“I think he said something simple like, ‘Read it,'” recalls Redmayne, 33, recalls of that day in 2011. “Tom has a very gentle manner.”
The pages inside — the screenplay for The Danish Girl — had been circulating among filmmakers and actors in just this fashion for the better part of a decade. At moments over the years, there were even hopes that the film actually might get made — at one point, Nicole Kidman was signed for the lead — but something always went wrong. Financing fell through. Or talent dropped out. Or somebody got cold feet. “It was the subject matter,” says Lucinda Coxon, who wrote the script in the envelope. “It was considered commercial poison.”
Times change. And it’s hard to imagine a more hospitable moment than right now for a commercially viable movie based on the life of Lili Elbe, a Danish painter in the 1920s who — with the help of a supportive wife (played by Ex Machina and Man From U.N.C.L.E. newcomer Alicia Vikander) — became the first person in history to undergo a male-to-female sex- change operation. Far from poison, the subject matter has reunited an award-winning director (before Les Miserables, Hooper won an Oscar for The King’s Speech) and an award-winning actor (after Les Miserables, Redmayne won one for The Theory of Everything) to finally bring to the screen the story of a transgender icon predating Caitlyn Jenner by nearly 100 years.
Eddie Redmayne sure knows how to pick his movie roles.
Earlier this year the British actor won his first Academy Award for playing Stephen Hawking in “The Theory of Everything.” Early buzz now indicates he may get a second shot at the Oscar, this time for playing an artist in “The Danish Girl” who was one of the first known people to undergo transgender surgery.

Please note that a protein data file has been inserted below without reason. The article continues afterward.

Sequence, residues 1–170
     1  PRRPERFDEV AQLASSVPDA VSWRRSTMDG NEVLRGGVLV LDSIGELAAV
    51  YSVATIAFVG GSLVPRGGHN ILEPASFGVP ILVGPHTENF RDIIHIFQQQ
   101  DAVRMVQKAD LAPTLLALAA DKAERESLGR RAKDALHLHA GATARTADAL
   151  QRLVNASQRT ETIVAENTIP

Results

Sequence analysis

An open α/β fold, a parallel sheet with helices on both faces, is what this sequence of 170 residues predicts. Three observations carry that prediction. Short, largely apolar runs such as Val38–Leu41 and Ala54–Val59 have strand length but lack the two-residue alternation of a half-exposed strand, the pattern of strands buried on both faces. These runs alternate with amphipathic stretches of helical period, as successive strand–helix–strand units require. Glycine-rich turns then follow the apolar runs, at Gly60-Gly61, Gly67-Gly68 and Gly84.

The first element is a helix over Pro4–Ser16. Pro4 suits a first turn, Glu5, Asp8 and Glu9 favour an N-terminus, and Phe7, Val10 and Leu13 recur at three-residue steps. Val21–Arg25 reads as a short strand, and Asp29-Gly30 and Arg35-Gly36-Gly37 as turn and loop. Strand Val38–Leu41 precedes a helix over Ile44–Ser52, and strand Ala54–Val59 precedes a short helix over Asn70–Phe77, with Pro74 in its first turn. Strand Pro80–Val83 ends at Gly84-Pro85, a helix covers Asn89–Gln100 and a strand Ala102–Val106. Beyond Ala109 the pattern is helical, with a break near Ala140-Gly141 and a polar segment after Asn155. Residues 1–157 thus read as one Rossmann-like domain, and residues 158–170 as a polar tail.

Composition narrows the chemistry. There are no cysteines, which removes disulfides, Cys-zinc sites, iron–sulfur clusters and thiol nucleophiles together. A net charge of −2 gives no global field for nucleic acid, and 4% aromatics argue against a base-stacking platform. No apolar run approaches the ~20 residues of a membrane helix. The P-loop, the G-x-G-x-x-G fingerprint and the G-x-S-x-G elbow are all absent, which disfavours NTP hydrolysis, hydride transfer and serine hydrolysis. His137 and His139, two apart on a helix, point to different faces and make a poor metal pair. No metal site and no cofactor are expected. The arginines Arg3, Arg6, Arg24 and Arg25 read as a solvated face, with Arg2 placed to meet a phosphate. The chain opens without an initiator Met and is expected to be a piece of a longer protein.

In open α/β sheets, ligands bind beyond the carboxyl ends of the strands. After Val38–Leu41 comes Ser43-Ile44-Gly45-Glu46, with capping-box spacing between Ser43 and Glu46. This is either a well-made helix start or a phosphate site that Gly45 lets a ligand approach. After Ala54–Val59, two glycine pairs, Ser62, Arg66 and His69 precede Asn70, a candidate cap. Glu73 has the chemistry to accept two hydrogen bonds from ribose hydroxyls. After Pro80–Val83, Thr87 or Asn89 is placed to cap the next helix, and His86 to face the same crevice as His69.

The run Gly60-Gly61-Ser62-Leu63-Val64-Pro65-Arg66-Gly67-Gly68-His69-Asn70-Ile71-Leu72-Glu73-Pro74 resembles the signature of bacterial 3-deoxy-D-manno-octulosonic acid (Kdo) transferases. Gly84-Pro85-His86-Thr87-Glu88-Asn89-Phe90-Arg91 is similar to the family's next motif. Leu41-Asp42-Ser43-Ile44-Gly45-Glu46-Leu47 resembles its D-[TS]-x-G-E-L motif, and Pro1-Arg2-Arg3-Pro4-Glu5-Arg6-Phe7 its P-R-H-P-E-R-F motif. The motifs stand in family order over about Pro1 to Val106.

“Lili was born Einar Wegener. She was an artist, and she was living in a time in which there were no examples or even vocabulary with which she could understand what it was that she was going through,” Redmayne told TODAY’s Matt Lauer Thursday about his starring role.
Tom Hooper’s The Danish Girl will receive a Humanitarian Award from Capri, Hollywood—The International Film Festival. The transgender drama film about artist Lili Elbe, which bowed this year in Venice, stars Eddie Redmayne and Alicia Vikander.
The festival also announced that Paolo Sorrentino’s Youth, which premiered in Cannes, has been named European film of the year. The film stars Michael Caine as a retired orchestra conducter who is called back into duty by the Queen of England. Harvey Keitel, Rachel Weisz, Paul Dano and Jane Fonda also star.
“Both Tom Hooper and the Italian maestro Paolo Sorrentino have the uncanny ability to bring highly sensitive subject matter to the screen in a way that impacts audiences on a global basis,” said festival director Pascal Vicedomini. “I am truly pleased that we are able to honor their most recent work at this year’s festival.”
The Danish Girl opens in the U.S. on Nov. 27 and in Italy on Feb 4. 2016. The Capri screening will be sidelined by a forum from the Young People Against Homophobia to discuss current issues in Italy. Youth, which already played in Italy, opens Dec. 4 in the U.S.
This year marks the 20th edition of the festival, which runs Dec. 26-Jan. 2. This year’s edition will be presided over by Danish director Bille August, and will be dedicated to French actress Brigitte Bardot. Lina Wertmuller serves as Honorary President and Mark Canton serves as Honorary Chairperson. [Source]